The History of Leith

June 19, 2012

Meeting-house Green

Near Cable’s Wynd, which adjoins this alley, and
between it and King Street, at a spot called
Meeting-house Green, are the relics of a building
formerly used as a place of worship, and although
it does not date farther back than the Revolution
of 1688, it is oddly enough called “John Knox’s
Church.”
The records of South Leith parish bear that in
1692, ” the magistrates of Edinburgh, and members
of the Presbytery there, with a confused company
of the people, entered the church by breaking open
the locks of the doors and putting on new ones,
and so caused guard the church doors with halberts,
rang the bells, and possessed Mr. Wishart of
the church, against which all irregular proceedings
public protests were taken.”
Previous to this he would seem to have officiated
in a kind of chapel-of-ease established near Cable’s
Wynd, by permission of James VII. in 1687.
Soon after the forcible induction recorded, he
came to the church with a guard of halberdiers,
accompanied by the magistrates of Leith, and took
possession of the Session House, compelling the
” prelatick Session ” to hold their meeting in the
adjacent Kantore. More unseemly matters followed,
for in December of the year 1692, when a
meeting was held in South Leith Church to hear
any objections that might be made against the legal
induction of the Rev. Mr. Wishart, an adherent of
Mr. Kay, “one of the prelatick incumbents,” protested
loudly against the whole proceedings.
Upon this, ” Mr. Livingstone, a brewer at the
Craigend (or Calton), rose up, and, in ‘presence of
the Presbytery, did most violently fall upon the
commissioner, and buffeted him and nipped his
cheeks, and had many base expressions to him.”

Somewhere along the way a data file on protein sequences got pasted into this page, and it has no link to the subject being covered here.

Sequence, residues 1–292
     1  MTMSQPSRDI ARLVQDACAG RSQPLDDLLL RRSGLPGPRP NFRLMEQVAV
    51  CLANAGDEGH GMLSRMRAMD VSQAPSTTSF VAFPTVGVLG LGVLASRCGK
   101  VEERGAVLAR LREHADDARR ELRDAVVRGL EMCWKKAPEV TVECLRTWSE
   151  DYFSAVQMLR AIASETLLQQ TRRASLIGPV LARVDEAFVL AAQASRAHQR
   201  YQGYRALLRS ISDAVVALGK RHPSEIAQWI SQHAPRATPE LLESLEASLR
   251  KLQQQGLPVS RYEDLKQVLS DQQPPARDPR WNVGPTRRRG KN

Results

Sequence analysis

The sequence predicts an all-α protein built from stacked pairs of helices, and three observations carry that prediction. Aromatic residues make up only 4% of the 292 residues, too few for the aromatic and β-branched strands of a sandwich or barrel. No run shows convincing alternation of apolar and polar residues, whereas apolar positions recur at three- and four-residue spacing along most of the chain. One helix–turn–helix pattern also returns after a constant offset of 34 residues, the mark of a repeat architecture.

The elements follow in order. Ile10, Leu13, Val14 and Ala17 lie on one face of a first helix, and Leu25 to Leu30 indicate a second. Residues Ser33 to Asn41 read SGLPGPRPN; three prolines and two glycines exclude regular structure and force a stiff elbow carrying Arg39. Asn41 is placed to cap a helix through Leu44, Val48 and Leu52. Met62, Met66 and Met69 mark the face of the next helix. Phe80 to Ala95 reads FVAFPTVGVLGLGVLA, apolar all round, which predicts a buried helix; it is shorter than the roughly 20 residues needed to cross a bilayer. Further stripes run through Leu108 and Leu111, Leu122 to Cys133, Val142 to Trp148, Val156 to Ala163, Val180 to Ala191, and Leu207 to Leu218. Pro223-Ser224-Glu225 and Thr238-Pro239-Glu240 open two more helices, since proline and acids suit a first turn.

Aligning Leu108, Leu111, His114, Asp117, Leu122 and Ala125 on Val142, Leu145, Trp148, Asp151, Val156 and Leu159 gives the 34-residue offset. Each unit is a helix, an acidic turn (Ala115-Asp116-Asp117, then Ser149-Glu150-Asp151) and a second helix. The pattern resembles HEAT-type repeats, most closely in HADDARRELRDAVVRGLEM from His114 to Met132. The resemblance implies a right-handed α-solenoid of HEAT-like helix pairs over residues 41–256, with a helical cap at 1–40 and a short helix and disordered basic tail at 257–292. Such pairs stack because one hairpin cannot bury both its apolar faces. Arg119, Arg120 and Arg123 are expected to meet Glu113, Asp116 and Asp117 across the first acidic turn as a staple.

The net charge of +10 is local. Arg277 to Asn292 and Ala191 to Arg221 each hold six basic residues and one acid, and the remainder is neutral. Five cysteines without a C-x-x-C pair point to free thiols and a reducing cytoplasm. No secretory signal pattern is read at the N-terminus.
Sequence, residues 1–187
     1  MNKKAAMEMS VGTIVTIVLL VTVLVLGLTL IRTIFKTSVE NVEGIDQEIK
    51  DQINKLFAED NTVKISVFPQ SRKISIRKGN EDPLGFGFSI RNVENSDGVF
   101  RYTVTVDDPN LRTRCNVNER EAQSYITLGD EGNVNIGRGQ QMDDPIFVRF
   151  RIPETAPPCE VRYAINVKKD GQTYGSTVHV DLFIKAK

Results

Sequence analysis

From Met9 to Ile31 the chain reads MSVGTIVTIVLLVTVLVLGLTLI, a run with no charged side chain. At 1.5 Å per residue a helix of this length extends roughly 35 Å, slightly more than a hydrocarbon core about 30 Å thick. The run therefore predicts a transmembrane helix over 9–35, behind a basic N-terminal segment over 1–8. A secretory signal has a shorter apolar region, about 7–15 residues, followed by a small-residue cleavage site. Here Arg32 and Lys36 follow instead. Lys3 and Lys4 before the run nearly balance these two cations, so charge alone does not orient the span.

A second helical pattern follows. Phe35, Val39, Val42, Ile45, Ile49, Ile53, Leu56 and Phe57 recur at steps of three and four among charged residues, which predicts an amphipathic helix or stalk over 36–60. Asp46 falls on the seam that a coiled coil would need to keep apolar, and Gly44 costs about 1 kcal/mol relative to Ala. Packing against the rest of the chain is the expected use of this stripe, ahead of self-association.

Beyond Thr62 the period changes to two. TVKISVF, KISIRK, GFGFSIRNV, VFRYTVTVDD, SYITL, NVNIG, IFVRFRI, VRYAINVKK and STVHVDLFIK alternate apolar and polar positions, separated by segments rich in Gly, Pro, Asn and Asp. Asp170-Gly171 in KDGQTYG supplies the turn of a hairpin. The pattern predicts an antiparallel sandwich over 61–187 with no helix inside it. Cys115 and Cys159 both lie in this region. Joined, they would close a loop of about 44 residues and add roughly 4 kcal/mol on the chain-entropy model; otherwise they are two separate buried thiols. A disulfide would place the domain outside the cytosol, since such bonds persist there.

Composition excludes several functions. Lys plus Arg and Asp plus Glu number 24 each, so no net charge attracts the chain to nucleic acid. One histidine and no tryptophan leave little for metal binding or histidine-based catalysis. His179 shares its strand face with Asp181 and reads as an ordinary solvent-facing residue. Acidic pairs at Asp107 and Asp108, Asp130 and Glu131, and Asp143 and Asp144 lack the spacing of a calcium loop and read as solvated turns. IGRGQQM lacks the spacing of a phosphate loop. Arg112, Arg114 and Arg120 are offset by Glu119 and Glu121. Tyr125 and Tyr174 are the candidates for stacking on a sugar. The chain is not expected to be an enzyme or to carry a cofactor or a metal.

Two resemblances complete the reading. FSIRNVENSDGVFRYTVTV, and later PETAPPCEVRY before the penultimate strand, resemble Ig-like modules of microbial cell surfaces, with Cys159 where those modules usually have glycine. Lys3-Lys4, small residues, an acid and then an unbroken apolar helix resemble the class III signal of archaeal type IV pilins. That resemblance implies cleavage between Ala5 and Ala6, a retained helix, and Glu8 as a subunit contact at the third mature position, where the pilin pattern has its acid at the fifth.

Others now fell on the luckless commissioner,
who was ultimately thrust into the Tolbooth of
Leith by a magistrate, for daring to do that which
the Presbytery had suggested. Mr. Ka^y’s session
were next driven out of the Kantore, on the door
of which another lock was placed.
It has been supposed that the ousted episcopal
incumbent formgd his adherents into a small congregation,
as he remained long in Leith, and died
at his house in the Yardheads there so lately as
November, 1719, in the seventieth year of his age.
His successor, the Rev. Robert Forbes, was minister
of an episcopal chapel in Leith, according to an
anonymous writer, ” very shortly after Mr. Kay’s
death, and records a baptism as having been performed
‘ in my room in ye Yardheads.’ ”
The history of the Meeting-house near Cable’s
Wynd is rather obscure, but it seems to have been
generally used as a place of worship. The last
occasion was during a visit of John Wesley, the
great founder of Methodism. He was announced
to preach in it; but so great a concourse of people
assembled, that the “edifice was incapable of accommodating
them, so’ he addressed the multitude
on the Meeting-house Green. A house near it,
says The Scotsman in 1879, is pointed out as “the
Manse.”

source-Old and New Edinburgh

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